Fall season is here and like last year, I am back to force-feed you my opinions about upcoming and returning TV shows. Unlike the previous one I did though, I decided to write about the new ones first.
I don't know if there's a lean crop of good shows coming out this season or I've finally gotten tired of TV, but there doesn't seem to be that many upcoming series I'm interested in. Based on the trailers and/or PR pieces I've seen, they just aren't funny or compelling enough. That's saying a lot since I'm a guy that's fairly easy to please.
Now, on to my picks!
Go On (premieres September 11)
A comedy about a sportscaster who joins a support group after his wife dies.
Matthew Perry is in it. Also, the pilot for this one leaked a few weeks ago and it was pretty great.
Revolution (premieres September 17)
In a post-apocalyptic world where technology is dead, one family holds a secret that could change everything.
J.J. Abrams is involved in this thing, which means I am in for at least 3 episodes. Also, Jon Favreau directed the pilot.
After the mess of a script that was May’s Over the Limit PPV, the WWE Universe moves on to the half-point of the year with a PPV that originally intended to celebrate the ignoble cage match, and the theme of confinement: the glorious No Way Out, brought back to life after a three-year absence and replacing last year’s Capitol Punishment (a one-off D.C.-themed show).
By the time it was removed from the PPV calendar, it had left us such fond memories of good shows, great matches, and defining moments (Eddie Guerrero’s WWE title win, anyone?) due to its spot in the middle of the Road to Wrestlemania. Upon its return, it still has that potential, but it’ll be tough to live up to its reputation because it’s currently not along the Road – it’s in that limbo after Wrestlemania, but right before the big summer angle gets into motion.
Will No Way Out stand out and kick the summer into gear, or will it be another forgettable blip on the calendar? Let’s take a look, shall we?
It’s always tough to follow a good show. After the top-to-bottom runaway success of this year’s Extreme Rules event, all the momentum was on WWE’s side, eclipsing all the other promotions more than usual (even though there really isn’t much to talk about other than the WWE). With that success, though, came the requisite question: can they keep it up?
The RAW after Extreme Rules answered “yes” to that question in a huge way by immediately scheduling CM Punk vs. Daniel Bryan (!) for the WWE Championship (!!!) at Over the Limit, this month’s PPV event. If you don’t know why that particular matchup is a big deal, you’ll have to read on later and/or go see it for yourself.
But the proverbial anchor that would’ve dragged it down was also set as John Cena vs. John Laurinaitis was announced for the show that same night. Cena, who cut an unscripted promo after the match with Brock Lesnar saying that he wanted to take some time off (to probably deal with his current divorce issue), wasn’t going anywhere anytime soon, and now he has to deal with the resident authority figure in a match that will clearly not be remembered for quality in-ring action.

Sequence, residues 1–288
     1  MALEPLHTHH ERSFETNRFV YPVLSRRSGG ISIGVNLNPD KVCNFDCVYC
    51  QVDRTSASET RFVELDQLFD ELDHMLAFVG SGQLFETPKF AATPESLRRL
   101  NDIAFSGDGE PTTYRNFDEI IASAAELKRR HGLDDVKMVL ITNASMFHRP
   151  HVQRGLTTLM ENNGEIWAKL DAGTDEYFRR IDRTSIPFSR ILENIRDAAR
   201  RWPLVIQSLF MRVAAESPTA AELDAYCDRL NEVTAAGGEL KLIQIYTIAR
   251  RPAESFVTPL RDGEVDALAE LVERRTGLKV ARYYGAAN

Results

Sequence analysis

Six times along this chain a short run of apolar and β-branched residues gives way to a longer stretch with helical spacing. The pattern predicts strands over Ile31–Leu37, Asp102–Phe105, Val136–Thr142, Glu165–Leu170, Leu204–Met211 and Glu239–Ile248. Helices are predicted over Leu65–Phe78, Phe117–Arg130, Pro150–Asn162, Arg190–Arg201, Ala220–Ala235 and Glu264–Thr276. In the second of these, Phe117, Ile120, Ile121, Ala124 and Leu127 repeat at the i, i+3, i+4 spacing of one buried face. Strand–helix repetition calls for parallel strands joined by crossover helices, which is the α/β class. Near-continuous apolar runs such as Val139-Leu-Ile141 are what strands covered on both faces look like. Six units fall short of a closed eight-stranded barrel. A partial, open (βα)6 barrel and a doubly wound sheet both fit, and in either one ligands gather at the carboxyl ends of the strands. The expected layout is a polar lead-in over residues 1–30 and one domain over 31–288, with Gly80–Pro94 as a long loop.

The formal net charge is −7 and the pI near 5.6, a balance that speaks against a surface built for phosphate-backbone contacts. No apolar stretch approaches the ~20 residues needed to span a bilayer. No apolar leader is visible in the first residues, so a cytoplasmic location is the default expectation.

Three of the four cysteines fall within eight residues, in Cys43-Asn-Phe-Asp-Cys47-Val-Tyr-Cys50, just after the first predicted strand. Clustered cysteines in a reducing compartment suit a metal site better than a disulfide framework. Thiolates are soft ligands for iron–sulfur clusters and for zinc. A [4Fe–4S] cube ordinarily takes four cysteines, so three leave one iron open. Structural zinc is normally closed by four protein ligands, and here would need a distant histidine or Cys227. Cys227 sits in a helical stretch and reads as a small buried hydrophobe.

Meanwhile, the rest of the stars who were usually in WWE/World title contention in recent memory have been shunted to feuding with World Heavyweight Champion Sheamus for his title in a fatal four-way match, which is notable and refreshing for the sole reason that the company has somewhat forgotten how to book a multi-man feud.
So did this event – with all the force of the Punk/Bryan hype behind it – deliver, or was it basically a one-match show? Let’s get to the results, shall we?
- Category: Idiot Box
- Created on Thursday, 03 May 2012 12:15
- Written by Romeo Moran
- Hits: 2085
Wrestlemania 28 was a strange beast, as I reviewed earlier this month. A strange, controversial beast that, in its conclusion, ended a couple of its most interesting storylines and preserved some that weren’t as hot. In its wake, the company has tried to create new ones while continuing the others in the wake of a new WWE season, and that is what Extreme Rules has to work with.
There was really only one major storyline heavily promoted going into the show, and that is John Cena vs. Brock Lesnar. That particular feud’s company-imposed sense of enormity easily overshadowed most other goings-on up and down the card, and perhaps that understatement definitely helped those other match-ups exceed the low expectations with which they were undeservedly saddled, as we’ll see in just a moment.
- Category: Idiot Box
- Created on Wednesday, 04 April 2012 18:15
- Written by Romeo Moran
- Hits: 2893
The 28th edition of Wrestlemania has come and gone, and boy, we can use one word to describe the entire show at face value: controversial.
I don’t exactly mean Montreal Screwjob-levels of controversy, although that would’ve been good for the show, but what has gone down has proven to be polarizing. After experiencing it, it seems as though you either love it or you don’t. Of course, you can always choose to sit in the middle, but Wrestlemania, as a creation of the WWE and its hype machine, naturally demands an extreme. In theory - the operative word – there is no room for the middle ground. In theory. But I’ll get back to this later before I lose you, because dammit, you clicked this to read a review!
Anyway, if you’ve seen the show already, or at least follow the results, you might have an idea why the show is so controversial. If not, you’ll see soon enough. Let’s begin!